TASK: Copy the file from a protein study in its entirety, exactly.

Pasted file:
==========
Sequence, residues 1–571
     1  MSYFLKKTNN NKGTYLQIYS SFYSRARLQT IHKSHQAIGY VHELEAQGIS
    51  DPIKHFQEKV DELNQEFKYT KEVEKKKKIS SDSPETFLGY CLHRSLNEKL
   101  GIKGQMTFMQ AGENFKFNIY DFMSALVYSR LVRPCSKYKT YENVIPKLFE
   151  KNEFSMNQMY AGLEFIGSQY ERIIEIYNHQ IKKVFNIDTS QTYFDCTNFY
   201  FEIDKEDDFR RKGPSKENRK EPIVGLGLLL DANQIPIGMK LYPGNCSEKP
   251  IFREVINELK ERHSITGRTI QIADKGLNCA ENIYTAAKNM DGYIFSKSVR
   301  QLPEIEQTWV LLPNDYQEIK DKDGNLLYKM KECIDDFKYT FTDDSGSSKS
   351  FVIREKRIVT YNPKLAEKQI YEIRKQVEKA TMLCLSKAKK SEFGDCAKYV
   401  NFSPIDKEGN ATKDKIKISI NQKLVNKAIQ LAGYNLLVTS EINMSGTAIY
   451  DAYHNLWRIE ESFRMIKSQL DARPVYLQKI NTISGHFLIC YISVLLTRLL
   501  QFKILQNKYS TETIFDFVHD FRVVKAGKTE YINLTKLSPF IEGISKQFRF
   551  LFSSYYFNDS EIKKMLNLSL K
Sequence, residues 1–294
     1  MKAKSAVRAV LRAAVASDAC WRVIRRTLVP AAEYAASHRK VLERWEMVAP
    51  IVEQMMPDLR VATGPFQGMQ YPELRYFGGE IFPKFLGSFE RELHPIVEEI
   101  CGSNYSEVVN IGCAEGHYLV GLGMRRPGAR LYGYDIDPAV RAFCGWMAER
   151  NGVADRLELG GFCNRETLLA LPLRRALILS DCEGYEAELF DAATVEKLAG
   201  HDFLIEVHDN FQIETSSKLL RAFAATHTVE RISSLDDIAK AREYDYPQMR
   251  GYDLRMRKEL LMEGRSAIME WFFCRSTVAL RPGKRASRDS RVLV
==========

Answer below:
Sequence, residues 1–571
     1  MSYFLKKTNN NKGTYLQIYS SFYSRARLQT IHKSHQAIGY VHELEAQGIS
    51  DPIKHFQEKV DELNQEFKYT KEVEKKKKIS SDSPETFLGY CLHRSLNEKL
   101  GIKGQMTFMQ AGENFKFNIY DFMSALVYSR LVRPCSKYKT YENVIPKLFE
   151  KNEFSMNQMY AGLEFIGSQY ERIIEIYNHQ IKKVFNIDTS QTYFDCTNFY
   201  FEIDKEDDFR RKGPSKENRK EPIVGLGLLL DANQIPIGMK LYPGNCSEKP
   251  IFREVINELK ERHSITGRTI QIADKGLNCA ENIYTAAKNM DGYIFSKSVR
   301  QLPEIEQTWV LLPNDYQEIK DKDGNLLYKM KECIDDFKYT FTDDSGSSKS
   351  FVIREKRIVT YNPKLAEKQI YEIRKQVEKA TMLCLSKAKK SEFGDCAKYV
   401  NFSPIDKEGN ATKDKIKISI NQKLVNKAIQ LAGYNLLVTS EINMSGTAIY
   451  DAYHNLWRIE ESFRMIKSQL DARPVYLQKI NTISGHFLIC YISVLLTRLL
   501  QFKILQNKYS TETIFDFVHD FRVVKAGKTE YINLTKLSPF IEGISKQFRF
   551  LFSSYYFNDS EIKKMLNLSL K
Sequence, residues 1–294
     1  MKAKSAVRAV LRAAVASDAC WRVIRRTLVP AAEYAASHRK VLERWEMVAP
    51  IVEQMMPDLR VATGPFQGMQ YPELRYFGGE IFPKFLGSFE RELHPIVEEI
   101  CGSNYSEVVN IGCAEGHYLV GLGMRRPGAR LYGYDIDPAV RAFCGWMAER
   151  NGVADRLELG GFCNRETLLA LPLRRALILS DCEGYEAELF DAATVEKLAG
   201  HDFLIEVHDN FQIETSSKLL RAFAATHTVE RISSLDDIAK AREYDYPQMR
   251  GYDLRMRKEL LMEGRSAIME WFFCRSTVAL RPGKRASRDS RVLV